10. Intense exercise

  11. 10-15 minutes after learning

  12. Caffeine intake

  13. Naps (90 minutes or less)

More about Adenosine

Adenosine as a prosleepy molecule is a non-negotiable aspect of your biology

  1. Makes us feel tired because of the way it taps into the ATP pathways

  2. ATP pathway is central to the energy production and overall feeling of energy in our brain and body in all cells and organ systems

  3. Caffeine blocks adenosine receptors

  4. Offsets fatigue/sleepiness

  5. When the caffeine is dislodged from the adenosine receptors, you will have a massive backlog of adenosine

  6. You are just changing the timing before the sleepy and energetic signals arrive

  7. Adenosine levels are lowest right after a good nights’ sleep

  8. There is no way to eliminate adenosine with caffeine, you can just block it

  9. Borrowing energy against the fatigue you will inevitably feel

How to clear out Adenosine:

  1. Sleep

  2. Short nap

  3. Non sleep deep breaths (NSDR)

  4. Viewing morning sunlight can clear our adenosine

  5. Exercise

  6. Spike cortisol

  7. Delay caffeine intake 90-120 minutes after waking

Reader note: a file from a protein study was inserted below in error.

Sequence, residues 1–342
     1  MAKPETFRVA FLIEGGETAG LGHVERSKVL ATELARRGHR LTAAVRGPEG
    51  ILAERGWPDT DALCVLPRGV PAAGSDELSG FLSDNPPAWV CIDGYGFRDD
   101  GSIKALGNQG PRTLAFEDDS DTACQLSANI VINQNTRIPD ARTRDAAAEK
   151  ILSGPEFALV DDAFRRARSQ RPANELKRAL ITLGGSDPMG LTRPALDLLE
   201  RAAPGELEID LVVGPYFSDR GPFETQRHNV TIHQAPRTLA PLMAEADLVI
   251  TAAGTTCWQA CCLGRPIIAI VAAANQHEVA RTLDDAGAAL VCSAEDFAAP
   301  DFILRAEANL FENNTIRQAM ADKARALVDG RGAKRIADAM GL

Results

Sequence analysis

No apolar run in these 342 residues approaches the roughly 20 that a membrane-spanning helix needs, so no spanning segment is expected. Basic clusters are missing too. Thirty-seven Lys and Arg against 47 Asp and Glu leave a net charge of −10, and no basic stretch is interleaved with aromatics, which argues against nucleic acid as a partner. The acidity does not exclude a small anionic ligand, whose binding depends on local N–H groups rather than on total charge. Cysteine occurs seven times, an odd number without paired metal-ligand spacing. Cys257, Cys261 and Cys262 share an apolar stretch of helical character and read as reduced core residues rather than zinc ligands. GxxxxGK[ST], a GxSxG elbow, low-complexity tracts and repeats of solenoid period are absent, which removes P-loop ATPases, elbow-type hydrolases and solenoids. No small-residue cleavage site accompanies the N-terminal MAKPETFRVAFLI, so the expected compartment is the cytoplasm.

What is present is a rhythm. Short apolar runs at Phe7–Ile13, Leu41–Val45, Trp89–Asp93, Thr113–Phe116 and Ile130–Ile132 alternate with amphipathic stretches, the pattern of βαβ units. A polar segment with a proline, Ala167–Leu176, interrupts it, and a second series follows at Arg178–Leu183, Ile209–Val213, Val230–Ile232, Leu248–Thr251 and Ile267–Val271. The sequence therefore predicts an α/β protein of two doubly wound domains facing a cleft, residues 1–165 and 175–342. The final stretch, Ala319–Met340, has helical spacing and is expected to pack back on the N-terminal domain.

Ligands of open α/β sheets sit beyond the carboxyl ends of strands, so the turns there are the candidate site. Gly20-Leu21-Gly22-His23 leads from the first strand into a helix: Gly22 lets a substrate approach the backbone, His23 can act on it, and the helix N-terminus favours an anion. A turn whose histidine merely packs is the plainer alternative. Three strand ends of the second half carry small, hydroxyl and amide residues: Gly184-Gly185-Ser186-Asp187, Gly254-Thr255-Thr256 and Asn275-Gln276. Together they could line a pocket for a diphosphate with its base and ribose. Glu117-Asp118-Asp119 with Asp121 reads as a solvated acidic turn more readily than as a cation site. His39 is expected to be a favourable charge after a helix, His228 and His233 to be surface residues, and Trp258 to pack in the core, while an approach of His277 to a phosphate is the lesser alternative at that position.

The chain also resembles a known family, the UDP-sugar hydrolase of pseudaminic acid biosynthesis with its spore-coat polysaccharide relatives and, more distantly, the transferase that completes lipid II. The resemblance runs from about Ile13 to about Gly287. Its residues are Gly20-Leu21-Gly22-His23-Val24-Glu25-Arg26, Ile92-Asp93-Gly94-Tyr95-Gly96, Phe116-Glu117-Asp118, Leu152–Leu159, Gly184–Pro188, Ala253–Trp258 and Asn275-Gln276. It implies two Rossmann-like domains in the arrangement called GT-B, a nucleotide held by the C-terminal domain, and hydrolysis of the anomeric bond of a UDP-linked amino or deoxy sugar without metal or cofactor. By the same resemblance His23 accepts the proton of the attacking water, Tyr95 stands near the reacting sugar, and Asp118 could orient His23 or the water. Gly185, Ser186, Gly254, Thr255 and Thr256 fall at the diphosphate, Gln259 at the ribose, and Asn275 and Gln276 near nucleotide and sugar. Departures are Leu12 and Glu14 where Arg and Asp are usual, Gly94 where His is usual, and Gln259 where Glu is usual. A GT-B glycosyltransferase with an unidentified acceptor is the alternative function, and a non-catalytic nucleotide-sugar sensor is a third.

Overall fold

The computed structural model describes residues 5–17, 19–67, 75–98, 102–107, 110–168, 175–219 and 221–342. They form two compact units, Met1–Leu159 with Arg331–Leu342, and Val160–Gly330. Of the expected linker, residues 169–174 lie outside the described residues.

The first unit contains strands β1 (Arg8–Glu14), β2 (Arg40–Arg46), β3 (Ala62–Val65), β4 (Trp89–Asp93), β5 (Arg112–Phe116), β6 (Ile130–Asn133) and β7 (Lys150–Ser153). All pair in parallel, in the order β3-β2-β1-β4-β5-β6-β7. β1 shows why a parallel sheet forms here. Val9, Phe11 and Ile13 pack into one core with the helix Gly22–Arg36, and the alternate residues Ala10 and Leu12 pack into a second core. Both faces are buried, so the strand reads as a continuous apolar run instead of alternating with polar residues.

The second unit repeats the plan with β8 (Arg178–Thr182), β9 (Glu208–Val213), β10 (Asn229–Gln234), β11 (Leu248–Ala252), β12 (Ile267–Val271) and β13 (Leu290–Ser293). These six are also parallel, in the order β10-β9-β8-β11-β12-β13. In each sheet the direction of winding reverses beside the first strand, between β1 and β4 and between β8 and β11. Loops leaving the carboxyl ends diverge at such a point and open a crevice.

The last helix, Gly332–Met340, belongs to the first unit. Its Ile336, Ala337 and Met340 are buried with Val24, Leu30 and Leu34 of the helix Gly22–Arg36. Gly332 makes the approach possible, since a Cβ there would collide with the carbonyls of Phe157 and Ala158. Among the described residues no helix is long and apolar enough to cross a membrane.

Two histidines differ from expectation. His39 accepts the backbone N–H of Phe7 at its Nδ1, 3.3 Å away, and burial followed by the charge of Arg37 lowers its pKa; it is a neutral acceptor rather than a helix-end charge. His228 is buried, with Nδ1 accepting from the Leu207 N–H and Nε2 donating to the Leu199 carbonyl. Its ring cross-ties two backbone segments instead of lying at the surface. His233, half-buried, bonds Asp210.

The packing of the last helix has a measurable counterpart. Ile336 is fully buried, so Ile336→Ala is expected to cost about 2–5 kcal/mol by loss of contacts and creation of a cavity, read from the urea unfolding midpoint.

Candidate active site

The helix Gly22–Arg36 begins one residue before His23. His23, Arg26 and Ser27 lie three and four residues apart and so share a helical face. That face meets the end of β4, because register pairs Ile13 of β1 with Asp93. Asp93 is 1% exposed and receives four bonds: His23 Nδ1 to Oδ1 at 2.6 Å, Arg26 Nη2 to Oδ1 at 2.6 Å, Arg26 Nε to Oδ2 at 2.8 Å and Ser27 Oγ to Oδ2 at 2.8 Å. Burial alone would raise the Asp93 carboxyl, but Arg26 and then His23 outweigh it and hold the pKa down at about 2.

8. Immediate caffeine consumption blocks adenosine but does not clear it out

  9. Allows cortisol to have its normal increase and rise so that it can directly clear out adenosine

  10. Hydrate with water and electrolytes

  11. Bright light/direct sunlight for 5-20 minutes

  12. Can decrease cortisol by 50%

  13. Increases mood, awareness and indirectly clears out residual adenosine

  14. Exercise

When you ingest your caffeine, you will be craving it and drinking that caffeine on an already existing backdrop of alertness for two reasons:

  1. Adenosine is zeroed out

  2. Cortisol peak higher

Why Delay Caffeine Intake in the Morning?

  1. Afternoon crash

  2. Afternoon caffeine ingestion disrupts the depth and quality of sleep

  3. It sets up your system so that you get your morning cortisol peak and clear our adenosine


  1. If you are going to be doing intense exercise first thing in the morning then it would be appropriate to ingest your caffeine first thing

  2. Suggests drinking half before workout and then half later to offset afternoon crash (quarter life of caffeine is 12 hours)

How to offset some of the negative effects of caffeine:

  1. Jitteriness

  2. Theanine

  3. Non-protein amino acid

  4. Supplement offsets jitteriness

  5. Empty stomach increases the potency of caffeine intake

  6. Water to caffeine ratio should be equal

  7. Effects & Dosage:

  8. Stimulates glutamate and glutamine